Cora Lucille Lindholm’s 26-Minute Memoir

Hi Readers,

In 2009 I started a blog called 26-Minute Memoir and started publishing 26-Minute Memoirs--stories that describe the essence of your life written in 26 minutes–from students, friends, WIMD 34Facebook and blog followers. In my book Writing Is My Drink: A Writer’s Story of Finding Her Voice (And a Guide to How You Can Too), I encourage readers to write their own 26-Minute Memoir and send it to me, and they have! Below you’ll find Cora Lucille Lindholm’s 26-Minute Memoir. Please feel free to write one of your own. You can find instructions and links to other 26-Minute Memoirs here:

I’m posting the 26-Minute Memoirs sporadically and there’s quite a lag between when they’re sent to me and the date they go up on the blog.


Cora Lucille Lindholm‘s 26-Minute Memoir

I find myself looking for something, anything and I have no idea what it is. I am currently in, what I like to call, “the 20’s limbo”. This terribly awkward time in my life where I am done being a student and having such a structured, planned life, but I can’t see past a year in my future. I am graduating a semester early, three and a half years, in December 2014 from The University of Alabama. I am just too organized, anxious, and uptight for my own good.

I have always considered myself entirely right brained; spacey, creative, and always expressing myself in a completely “oh that’s Cora” kind of way. I have this extremely chill vibe, thanks to my Southern California roots and living my life according to a surfer. I relate everything to surfing; every aspect of life, it’s ups and downs like the surging energy of the swells molding into waves and crashing to the calmness of the line up to the danger of falling to the completely intoxicating feel of accomplishing a ride and paddling back up no matter how tired you are.

My dad is a surfer. My mom says he has always been in a constant affair with the ocean. Salt water runs through my family veins.

My mom is exceptional. She has this selfless love and care for her family, I have never seen it in any other human being in my life. When she is mad, furious, and disappointed or happy, enlightened, and the life of the party, it’s all out of love.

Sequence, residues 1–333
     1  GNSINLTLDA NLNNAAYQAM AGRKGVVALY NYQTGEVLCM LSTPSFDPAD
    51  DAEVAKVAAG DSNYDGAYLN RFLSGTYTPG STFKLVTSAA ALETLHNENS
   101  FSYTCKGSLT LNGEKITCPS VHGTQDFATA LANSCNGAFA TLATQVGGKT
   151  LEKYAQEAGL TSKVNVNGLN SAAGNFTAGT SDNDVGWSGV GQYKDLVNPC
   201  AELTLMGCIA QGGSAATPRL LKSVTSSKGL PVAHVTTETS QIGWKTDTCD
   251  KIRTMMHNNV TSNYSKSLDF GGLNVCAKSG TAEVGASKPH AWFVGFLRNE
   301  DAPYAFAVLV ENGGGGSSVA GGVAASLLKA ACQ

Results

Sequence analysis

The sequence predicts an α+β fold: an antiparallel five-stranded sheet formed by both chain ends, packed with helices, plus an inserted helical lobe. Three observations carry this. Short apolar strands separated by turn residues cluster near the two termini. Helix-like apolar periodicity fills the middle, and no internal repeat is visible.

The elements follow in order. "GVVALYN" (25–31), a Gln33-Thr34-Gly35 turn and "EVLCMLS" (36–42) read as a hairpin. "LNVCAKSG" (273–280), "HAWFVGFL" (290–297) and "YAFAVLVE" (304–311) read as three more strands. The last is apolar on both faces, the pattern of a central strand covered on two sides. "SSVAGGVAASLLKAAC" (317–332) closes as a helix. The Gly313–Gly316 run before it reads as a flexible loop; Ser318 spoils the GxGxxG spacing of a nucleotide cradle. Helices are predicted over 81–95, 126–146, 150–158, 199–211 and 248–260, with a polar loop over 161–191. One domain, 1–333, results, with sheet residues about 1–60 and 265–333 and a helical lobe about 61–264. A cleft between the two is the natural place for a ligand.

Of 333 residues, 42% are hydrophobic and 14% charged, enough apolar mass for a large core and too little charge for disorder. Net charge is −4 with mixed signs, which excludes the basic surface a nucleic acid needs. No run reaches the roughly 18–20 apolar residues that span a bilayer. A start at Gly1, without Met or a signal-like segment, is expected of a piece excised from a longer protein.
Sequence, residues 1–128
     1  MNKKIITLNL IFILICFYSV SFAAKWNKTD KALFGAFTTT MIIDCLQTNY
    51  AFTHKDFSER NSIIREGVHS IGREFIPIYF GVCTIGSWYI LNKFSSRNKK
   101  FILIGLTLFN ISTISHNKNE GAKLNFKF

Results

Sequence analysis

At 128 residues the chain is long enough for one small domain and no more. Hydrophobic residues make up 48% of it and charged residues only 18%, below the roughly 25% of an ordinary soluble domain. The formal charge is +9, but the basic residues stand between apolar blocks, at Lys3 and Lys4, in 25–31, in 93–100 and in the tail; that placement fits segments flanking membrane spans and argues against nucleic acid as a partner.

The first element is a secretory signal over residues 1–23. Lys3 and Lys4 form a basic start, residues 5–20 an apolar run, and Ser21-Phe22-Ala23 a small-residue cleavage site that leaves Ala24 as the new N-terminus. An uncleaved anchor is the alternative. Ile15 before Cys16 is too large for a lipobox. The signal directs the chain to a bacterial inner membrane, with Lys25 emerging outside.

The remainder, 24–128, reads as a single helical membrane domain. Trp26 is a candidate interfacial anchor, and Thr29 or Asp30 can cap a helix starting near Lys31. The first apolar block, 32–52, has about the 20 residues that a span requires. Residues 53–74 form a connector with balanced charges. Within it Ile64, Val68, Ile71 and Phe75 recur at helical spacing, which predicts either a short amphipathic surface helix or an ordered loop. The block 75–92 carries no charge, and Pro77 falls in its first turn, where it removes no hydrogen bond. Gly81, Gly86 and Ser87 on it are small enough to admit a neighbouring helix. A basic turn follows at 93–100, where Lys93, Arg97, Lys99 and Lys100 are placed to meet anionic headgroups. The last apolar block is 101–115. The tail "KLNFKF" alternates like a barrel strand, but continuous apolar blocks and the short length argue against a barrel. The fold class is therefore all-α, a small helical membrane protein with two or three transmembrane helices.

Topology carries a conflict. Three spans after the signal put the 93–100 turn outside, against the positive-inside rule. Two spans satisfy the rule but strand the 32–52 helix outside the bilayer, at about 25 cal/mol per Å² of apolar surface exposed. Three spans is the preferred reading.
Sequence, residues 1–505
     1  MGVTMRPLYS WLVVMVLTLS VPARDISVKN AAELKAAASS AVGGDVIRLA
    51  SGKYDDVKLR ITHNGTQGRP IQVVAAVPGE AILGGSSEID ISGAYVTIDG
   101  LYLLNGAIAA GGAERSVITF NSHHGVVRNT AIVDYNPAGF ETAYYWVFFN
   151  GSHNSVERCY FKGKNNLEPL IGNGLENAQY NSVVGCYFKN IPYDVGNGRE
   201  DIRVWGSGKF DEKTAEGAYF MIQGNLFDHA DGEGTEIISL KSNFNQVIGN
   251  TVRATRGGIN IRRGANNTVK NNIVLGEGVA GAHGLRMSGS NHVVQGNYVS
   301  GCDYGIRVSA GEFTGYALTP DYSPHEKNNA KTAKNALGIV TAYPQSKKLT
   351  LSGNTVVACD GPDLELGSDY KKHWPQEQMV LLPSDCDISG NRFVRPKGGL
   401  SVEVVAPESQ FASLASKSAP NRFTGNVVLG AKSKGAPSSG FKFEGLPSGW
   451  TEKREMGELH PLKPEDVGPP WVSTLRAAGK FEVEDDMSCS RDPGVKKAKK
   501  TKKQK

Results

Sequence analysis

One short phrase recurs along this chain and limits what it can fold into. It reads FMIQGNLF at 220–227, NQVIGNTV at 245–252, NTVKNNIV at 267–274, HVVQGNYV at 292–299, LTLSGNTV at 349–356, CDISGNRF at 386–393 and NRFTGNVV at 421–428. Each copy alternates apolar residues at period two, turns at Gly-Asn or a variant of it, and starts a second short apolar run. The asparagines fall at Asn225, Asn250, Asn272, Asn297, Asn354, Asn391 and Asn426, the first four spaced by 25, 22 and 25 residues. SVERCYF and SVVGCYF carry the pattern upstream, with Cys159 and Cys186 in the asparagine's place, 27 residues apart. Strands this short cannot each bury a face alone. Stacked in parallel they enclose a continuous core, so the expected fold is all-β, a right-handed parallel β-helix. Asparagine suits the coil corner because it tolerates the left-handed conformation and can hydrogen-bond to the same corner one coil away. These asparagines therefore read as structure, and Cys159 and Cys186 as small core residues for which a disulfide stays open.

My sister, Ida, is the ying to my yang. She has characteristics I have never found in myself: aggressive, assertive, and a confidence so loud it can be all consuming and most importantly inspiring.

My immediate family is my foundation for the life I am living. I am wild in the sense of seeking adventure. I am so anxious I left Portland, Oregon to study in the south (a complete culture shock nonetheless), now I am living in Newcastle, Australia continuing my studies in photography and journalism.


I put myself in the same situation everywhere I go. I can’t be comfortable in one spot. I am so thirsty I might die. And the worst part is, I don’t know what that thirst is?

 I have always been locked up in my own thoughts. My greatest fault is that lack of ability to ask questions and be wrong. This expectation I put on my self is down right stupid. I watch movies and visualize myself as the leading actor… why can’t I do that? I read a book and say to myself, “I have ideas too, I could write a book”. No joke, I am starting a novel. I have no idea how. I have already wrote 35 pages. I read over it the other day and was like. Why?

SIMPLIFY. I AM SO DESPERATE FOR SIMPLIFYING LIFE. I want everything, therefore it all adds up to nothing.